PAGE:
CO2 content of atmosphere- last 400,000 years We can use airbubbles in Antartic ice to measure the properties of the Earths atmosphere in the past. Previous to the industrial revolution, the CO2 varied from about 200 to 280 ppmv. Over the past century, it has gone to about 380 ppmv, due to burning fossil fuel.

Ocean acidity increasing Some of the increased CO2 we are dumping into the atmosphere finds its way into the ocean, where it makes the ocean water acidic. This will have consequences for sealife. This is the first page of an article on this topic from the April 2011 NATIONAL GEOGRAPHIC magazine. You can read the article here .

Recent Sea Level Rise The sea level has been rising during the last century. Experts agree that some significant portion of this has been due to warming of the ocean. This causes water to expand and hence the level to rise. Melting of ice (on land) also plays some part in the sea level rise.

So, maybe its time to sell your beach house in Florida and remember to WALK UPHILL as the oceans rise!

Earths carbon inventory The amount of carbon in various reservoirs on Earth. The atmospheric carbon is of 2000, and includes a contribution of about 1/3 from recent human activity (about 200-250 GT out of 720 GT). Note that by far the largest carbon reservoir is carbonate rocks, such as limestone (CaCO3). This is found primarly on the ocean floor, and the carbon in these rocks is sometimes recycled into the atmosphere by volcanoes.

CO2- rock cycle Exchange of CO2 between atmosphere and carbonate rock reserviors may help moderate temperature fluctuations. If the CO2 gets "high", the Earth warms, there is more water evaporation and rain, which causes more rock weathering, which puts more CO2 into ocean, which decreases atmospheric CO2, which cools Earth.

Presumably, this general mechanism may help rid the atmosphere of the fossil fuel CO2, but the timescale to do so is FAR beyond human timescales (and the process of absorbing extra CO2 will alter ocean chemistry - ocean acidification- with at present unknown ramifications).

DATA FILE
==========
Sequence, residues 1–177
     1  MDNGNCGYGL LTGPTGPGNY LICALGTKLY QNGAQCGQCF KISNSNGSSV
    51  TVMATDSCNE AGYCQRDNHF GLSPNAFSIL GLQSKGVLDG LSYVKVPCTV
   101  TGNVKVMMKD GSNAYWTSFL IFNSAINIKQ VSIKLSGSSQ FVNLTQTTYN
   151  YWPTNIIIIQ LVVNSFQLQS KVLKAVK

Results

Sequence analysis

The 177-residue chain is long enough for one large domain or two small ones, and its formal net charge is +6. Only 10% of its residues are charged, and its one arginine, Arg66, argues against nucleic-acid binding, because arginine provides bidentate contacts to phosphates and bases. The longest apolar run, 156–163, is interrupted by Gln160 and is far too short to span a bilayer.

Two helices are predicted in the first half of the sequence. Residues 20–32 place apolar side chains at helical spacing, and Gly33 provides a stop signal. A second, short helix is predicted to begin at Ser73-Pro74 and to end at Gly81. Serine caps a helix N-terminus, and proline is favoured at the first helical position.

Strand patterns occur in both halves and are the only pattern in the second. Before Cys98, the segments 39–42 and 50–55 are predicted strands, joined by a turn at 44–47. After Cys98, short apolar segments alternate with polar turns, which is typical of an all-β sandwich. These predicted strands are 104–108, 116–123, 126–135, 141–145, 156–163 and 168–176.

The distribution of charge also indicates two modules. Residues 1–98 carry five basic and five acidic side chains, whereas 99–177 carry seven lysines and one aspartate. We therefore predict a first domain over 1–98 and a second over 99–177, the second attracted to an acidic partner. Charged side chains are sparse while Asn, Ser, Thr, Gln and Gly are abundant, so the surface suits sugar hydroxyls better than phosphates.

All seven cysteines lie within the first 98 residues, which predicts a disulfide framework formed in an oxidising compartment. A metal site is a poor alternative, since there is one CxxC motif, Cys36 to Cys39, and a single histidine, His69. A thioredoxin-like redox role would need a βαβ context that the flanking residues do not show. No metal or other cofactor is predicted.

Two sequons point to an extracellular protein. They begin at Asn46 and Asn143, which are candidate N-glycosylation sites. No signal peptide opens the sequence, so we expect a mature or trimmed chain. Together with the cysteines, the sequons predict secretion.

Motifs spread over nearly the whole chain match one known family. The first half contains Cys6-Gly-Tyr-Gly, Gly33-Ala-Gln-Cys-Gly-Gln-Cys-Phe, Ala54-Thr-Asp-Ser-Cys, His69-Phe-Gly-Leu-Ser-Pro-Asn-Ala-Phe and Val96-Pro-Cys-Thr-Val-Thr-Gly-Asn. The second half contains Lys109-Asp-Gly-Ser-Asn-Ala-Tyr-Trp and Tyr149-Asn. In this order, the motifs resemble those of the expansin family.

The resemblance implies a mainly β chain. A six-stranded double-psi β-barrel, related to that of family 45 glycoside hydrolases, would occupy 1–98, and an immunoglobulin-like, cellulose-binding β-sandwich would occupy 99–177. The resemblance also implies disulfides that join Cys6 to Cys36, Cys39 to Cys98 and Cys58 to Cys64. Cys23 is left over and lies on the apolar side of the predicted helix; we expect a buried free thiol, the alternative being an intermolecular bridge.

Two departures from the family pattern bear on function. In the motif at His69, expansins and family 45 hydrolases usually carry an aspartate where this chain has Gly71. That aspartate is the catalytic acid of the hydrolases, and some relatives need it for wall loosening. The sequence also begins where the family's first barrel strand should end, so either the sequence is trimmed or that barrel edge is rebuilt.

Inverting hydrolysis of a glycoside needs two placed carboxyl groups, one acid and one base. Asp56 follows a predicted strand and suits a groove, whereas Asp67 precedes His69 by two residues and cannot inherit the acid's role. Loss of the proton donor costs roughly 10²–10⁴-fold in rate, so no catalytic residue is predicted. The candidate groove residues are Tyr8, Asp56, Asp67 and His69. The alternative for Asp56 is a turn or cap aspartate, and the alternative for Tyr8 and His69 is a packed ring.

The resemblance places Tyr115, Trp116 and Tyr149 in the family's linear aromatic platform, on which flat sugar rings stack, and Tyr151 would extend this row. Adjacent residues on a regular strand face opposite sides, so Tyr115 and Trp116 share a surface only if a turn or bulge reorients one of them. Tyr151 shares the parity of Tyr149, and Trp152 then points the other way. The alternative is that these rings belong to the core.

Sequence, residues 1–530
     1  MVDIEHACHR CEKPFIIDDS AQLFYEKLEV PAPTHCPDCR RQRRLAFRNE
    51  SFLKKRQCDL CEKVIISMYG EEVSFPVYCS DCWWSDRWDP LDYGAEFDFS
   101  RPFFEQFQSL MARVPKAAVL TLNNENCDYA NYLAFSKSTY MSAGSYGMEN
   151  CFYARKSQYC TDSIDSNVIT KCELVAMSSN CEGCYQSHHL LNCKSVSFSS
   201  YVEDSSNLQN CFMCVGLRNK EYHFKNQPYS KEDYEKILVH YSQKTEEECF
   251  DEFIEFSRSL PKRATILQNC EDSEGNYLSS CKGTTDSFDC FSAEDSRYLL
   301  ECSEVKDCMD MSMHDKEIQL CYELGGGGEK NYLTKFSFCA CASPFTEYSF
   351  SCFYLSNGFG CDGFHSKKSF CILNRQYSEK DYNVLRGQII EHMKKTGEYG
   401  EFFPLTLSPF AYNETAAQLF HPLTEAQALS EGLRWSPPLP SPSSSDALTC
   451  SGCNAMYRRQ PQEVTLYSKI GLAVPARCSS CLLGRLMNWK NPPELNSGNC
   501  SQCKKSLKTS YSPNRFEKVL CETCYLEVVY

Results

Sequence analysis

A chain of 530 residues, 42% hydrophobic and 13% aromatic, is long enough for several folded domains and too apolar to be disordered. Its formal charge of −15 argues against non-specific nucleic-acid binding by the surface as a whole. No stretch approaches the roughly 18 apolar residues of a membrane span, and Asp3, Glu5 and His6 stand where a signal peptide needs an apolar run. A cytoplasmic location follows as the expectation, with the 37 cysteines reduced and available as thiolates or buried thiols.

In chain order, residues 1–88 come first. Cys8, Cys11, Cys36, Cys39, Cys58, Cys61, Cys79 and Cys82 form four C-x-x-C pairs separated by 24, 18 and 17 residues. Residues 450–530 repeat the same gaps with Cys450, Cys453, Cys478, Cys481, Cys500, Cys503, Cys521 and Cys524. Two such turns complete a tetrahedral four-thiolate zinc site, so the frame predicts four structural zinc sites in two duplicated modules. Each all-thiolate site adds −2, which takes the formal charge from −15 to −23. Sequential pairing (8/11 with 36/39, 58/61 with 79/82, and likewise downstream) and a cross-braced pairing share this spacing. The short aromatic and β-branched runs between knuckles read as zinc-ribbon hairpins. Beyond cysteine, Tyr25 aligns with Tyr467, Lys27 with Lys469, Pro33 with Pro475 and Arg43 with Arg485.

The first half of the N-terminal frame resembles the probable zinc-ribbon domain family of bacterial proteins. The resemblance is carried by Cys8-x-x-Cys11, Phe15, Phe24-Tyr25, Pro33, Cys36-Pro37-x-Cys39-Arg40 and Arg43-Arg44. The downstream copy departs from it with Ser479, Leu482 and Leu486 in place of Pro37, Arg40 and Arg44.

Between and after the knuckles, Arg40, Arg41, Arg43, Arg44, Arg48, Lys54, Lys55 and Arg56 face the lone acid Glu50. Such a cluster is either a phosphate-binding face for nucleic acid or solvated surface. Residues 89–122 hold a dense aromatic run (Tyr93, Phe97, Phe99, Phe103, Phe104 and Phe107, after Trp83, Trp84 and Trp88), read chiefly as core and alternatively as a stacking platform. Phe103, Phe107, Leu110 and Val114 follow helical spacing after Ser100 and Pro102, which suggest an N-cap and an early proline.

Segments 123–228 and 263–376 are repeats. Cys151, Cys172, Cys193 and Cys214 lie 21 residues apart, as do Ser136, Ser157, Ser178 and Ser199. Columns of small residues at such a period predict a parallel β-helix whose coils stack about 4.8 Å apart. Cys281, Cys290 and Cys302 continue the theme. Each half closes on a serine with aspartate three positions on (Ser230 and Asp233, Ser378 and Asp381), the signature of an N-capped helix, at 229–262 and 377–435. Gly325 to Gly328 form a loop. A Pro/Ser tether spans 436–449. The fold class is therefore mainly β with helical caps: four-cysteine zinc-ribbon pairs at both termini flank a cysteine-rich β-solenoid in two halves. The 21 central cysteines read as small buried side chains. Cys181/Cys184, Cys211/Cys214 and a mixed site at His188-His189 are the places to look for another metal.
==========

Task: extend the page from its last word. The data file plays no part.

Atmospheres of Venus and Earth So why are the surface conditions of Venus and Earth so utterly different? The planets have very similar sizes and surface gravity. We know little of the history of the atmosphere of Venus, so there is no definitive answer to the question posed. However, the answer is undoubtedly related to carbon, water, and life. Earth may have started out with a thick blanket of CO2 as did Venus. In fact, since the Sun was less luminous in the distant past, the Earth should have been frozen solid billions of years ago, but there is evidence for liquid water over a large fraction of Earth's history. One obvious way out of this "faint Sun paradox" is that the Earth had much more CO2 (and hence a bigger greenhouse effect) in the past. On Earth, liquid water (and eventually life) managed to "scrub" most of the CO2 out of the air, turning into carbonate rocks, kerogens, and fossil fuel (see earlier slide on "Earth carbon inventory"). Perhaps there was never much liquid water on Venus, or if there was there was never life to help scrub the CO2 out of the atmosphere.

The rocks found on Venus (from Russian lander data) are somewhat similar to terrestrial basalts. Basalts are mostly silica (SiO2), with various amounts of things like FeO , Al2O3, CaO amd MgO- but no carbon.

So, perhaps the "simple" answer to the question is that the Earth managed to get rid of most of its original thick blanket of CO2, but Venus has been cursed to keep its thick CO2 cloak.

Chu remarks on climate change The content of the Earth's atmosphere, how and why it is changing, and the effects of such changes has become very political. Some people still deny there is any problem, other say there is a problem but there is nothing we can do, others want to do something to at least try to address the problem. This is from an interview with Steven Chu in Newsweek 11 April 2011. Chu is a Nobel prize winning physicist and current Secretary of Energy in the US.